Consider this as a reflective paper on class learning as it applies to ethics in information technology. It describes your Ah-ha moment. I hope this course made you think about the ethical trade-offs that occur in our personal and work lives and how we go about making our ethical choices. You can use the ideas you learned from this course; how you will synthesize what you learned from your research about your topic including – over-arching issues, readings, discussion from class, and conclusions from other assignments that apply to your research.
This should not be a stream-of-consciousness narrative, but an organized summary.
From a class learning perspective, what were some of your take-aways? (How easily you can turn something that’s suppose to be good when it comes to technology it can be used in a bad way and it becomes an issue.)
How has this impacted your understanding of the ethical issues? (It made me more aware of what to look out for and what not to do if I’m ever in a situation.)
What did you like about this class or not like about this class.(I did not like the weekly paper assignments but I preferred the discussion because you see different point of views) Would you change anything, if so, what would you change? (I would rather have done a test over the stuff we read throughout the class)
As we continue to move toward a global community, what new challenges might we see relating to ethics in IT?
Ethical aspects of information technology include the rights and responsibilities, quality of life issues, equity and access, the use of power and risk, privacy and copyright issues and how they affect individuals, organizations and nations (Edgar, 2002). This class has provided a proper foundation for ethical thinking within the information technology context as well as a basis for making moral decisions, defences of ethical skepticisms, and criticism of ethical theories such as classical, utilitarianism and deontological theories. This reflective paper will reflect on how the exploration of that framework has contributed to my knowledge of the practical application of information technology ethics in my profession.
Reflections on class learning perspectives
Most of the lessons learnt in this course have been on how to recognize an ethical dilemma and then identifying how to suitably apply the ethical framework to resolve the dilemma amicably with the least impingement to the stakeholders concerned.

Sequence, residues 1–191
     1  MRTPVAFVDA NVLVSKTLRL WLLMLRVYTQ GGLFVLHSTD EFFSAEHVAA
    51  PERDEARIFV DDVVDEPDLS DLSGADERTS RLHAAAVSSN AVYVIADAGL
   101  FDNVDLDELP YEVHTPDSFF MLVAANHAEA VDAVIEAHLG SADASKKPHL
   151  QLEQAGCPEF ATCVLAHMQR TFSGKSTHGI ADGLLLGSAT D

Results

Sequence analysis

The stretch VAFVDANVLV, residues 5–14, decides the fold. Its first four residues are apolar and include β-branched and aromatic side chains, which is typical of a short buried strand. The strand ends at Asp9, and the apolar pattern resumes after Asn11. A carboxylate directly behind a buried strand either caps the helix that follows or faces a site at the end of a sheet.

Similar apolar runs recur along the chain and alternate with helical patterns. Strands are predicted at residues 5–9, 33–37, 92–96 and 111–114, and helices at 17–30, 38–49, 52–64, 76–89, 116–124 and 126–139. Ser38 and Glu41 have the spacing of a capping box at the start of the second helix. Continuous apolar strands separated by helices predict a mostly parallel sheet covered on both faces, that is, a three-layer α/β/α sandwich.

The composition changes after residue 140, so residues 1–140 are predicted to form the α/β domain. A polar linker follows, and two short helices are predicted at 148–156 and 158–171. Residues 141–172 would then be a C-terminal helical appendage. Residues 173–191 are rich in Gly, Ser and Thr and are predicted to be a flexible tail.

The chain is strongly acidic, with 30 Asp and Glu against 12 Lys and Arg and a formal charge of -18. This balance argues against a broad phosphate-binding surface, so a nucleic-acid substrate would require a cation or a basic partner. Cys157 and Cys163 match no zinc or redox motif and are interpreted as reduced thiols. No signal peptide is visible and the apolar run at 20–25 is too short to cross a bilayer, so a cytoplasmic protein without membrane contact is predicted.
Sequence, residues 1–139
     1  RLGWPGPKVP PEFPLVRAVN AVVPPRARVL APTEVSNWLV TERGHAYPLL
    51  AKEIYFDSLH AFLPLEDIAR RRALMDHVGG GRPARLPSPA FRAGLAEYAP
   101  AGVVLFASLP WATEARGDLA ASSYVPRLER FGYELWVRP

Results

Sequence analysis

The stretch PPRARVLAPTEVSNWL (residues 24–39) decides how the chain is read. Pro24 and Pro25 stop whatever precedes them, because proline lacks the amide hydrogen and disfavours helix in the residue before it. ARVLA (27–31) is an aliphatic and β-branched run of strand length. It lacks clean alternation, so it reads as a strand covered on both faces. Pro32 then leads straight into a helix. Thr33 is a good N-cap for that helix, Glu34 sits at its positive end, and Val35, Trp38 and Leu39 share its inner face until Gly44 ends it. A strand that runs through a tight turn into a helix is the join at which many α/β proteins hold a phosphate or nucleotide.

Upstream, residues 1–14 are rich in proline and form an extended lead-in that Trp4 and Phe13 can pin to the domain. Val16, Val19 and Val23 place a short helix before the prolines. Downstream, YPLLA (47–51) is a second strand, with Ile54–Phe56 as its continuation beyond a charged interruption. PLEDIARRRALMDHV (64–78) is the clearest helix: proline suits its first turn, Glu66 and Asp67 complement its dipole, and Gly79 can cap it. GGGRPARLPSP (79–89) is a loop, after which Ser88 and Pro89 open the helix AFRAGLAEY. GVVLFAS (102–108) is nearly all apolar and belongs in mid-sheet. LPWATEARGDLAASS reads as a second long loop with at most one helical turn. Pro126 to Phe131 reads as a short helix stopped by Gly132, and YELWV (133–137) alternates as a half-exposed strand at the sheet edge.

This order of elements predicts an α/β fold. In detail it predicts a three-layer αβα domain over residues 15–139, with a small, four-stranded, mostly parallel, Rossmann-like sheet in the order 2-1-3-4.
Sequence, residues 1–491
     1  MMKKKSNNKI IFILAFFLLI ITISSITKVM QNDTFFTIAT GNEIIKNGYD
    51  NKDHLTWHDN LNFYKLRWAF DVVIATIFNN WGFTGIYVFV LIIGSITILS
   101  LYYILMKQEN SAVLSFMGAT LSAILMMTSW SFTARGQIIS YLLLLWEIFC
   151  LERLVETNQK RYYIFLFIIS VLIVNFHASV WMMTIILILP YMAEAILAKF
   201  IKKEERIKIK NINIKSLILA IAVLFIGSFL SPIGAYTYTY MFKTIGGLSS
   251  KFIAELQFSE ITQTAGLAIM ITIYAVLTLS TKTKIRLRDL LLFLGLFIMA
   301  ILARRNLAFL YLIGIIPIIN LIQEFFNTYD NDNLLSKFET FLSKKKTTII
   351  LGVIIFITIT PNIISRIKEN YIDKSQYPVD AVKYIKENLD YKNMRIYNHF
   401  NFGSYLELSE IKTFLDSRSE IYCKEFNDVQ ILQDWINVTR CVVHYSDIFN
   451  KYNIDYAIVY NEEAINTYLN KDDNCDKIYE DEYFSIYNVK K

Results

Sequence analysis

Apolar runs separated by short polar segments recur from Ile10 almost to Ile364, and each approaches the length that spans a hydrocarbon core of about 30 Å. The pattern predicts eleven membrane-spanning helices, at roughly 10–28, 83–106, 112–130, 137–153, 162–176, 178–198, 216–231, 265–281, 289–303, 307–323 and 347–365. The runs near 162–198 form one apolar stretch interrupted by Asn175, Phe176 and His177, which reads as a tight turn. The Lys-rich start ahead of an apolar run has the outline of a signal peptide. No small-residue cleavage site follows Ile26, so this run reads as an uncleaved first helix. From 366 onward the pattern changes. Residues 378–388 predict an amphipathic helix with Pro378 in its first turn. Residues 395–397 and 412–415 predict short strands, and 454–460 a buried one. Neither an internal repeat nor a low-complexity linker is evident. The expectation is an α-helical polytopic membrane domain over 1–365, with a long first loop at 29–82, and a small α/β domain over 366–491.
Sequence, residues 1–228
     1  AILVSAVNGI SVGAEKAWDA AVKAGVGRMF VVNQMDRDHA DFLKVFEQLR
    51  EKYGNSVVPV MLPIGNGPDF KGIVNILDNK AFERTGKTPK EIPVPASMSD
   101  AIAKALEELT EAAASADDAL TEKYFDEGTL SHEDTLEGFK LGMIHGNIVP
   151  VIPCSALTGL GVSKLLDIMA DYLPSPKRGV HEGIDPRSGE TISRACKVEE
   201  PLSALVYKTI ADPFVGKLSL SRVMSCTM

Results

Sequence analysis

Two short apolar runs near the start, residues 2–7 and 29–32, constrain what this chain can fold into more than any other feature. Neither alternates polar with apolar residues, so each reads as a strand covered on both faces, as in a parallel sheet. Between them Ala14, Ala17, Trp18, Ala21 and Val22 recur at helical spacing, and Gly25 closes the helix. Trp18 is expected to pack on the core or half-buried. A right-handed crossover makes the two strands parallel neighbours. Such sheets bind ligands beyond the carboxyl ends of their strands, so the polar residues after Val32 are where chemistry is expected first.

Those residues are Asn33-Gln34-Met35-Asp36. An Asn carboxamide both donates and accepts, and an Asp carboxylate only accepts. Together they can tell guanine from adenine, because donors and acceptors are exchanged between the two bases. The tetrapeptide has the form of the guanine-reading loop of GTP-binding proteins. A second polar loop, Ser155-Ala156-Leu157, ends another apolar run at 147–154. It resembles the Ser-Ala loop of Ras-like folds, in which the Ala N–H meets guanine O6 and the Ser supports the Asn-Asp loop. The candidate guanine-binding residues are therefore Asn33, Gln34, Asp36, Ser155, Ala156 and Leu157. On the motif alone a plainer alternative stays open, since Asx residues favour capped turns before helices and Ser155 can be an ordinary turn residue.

My main take out from this course was the realisation of the ethical significance of the intellectual property, trade secrets, trademarks, copyright and patents from the perspective of technical and social settings (Edgar, 2002). I was amazed at how quickly something that is supposed to be good technologically can turn into an ethical dilemma and it then becomes an issue. The chapter on privacy enlightened me about personal ethical issues around caller ID, computer matching, and recent arguments surrounding Clipper Chip (Edgar, 2002).
Possibly the most useful topic in this class is the knowledge of working with computers, command, control and cybernetic theories. The ethical issues surrounding control and surveillance of employee activities in the workplace were well addressed as well as the recent concerns about Internet identity, anonymity, free speech and censorship (Edgar, 2002).
The framework provided in this class will be helpful for those working to create new computer and IT policies or to revise or amend previous policies. While I am not aware at this time whether I shall directly be part of a process to create new policies in future, the knowledge gained in this class will be helpful in understanding the rationale used to evaluate whether the policy is legally okay, ethically professional and acceptable for the given situation.
This course has given me a clear understanding of the broad domain of computer and IT ethics. While I did not like the weekly paper assignments, I always looked forward to the discussions because I got to interact and get the different point of views from my course mates. If I were to change anything about the way the class is administered, I would rather have a test done covering all the chapters we read throughout the class. Although the coursework has been challenging and even intense over the period, the knowledge I acquired has given me the insight and prepared me to effectively promote ethical foundations, including how ethics is applied within the IT environment.
As new technologies continue to impact the computerised world, businesses and organizations will be confronted with new issues and ethical dilemmas such as Cyber War and hacktivism, wearable technology, and Super-intelligent robotics. This course has tackled quite some topics relating to the theoretical, legal and practical application of ethics in information technology. The knowledge I gained has and will continue to impact my future studies as well as my career as an IT professional.
Edgar, S. (2002). Morality And Machines: Perspectives On Computer Ethics: Jones & Bartlett Learning; 2 edition.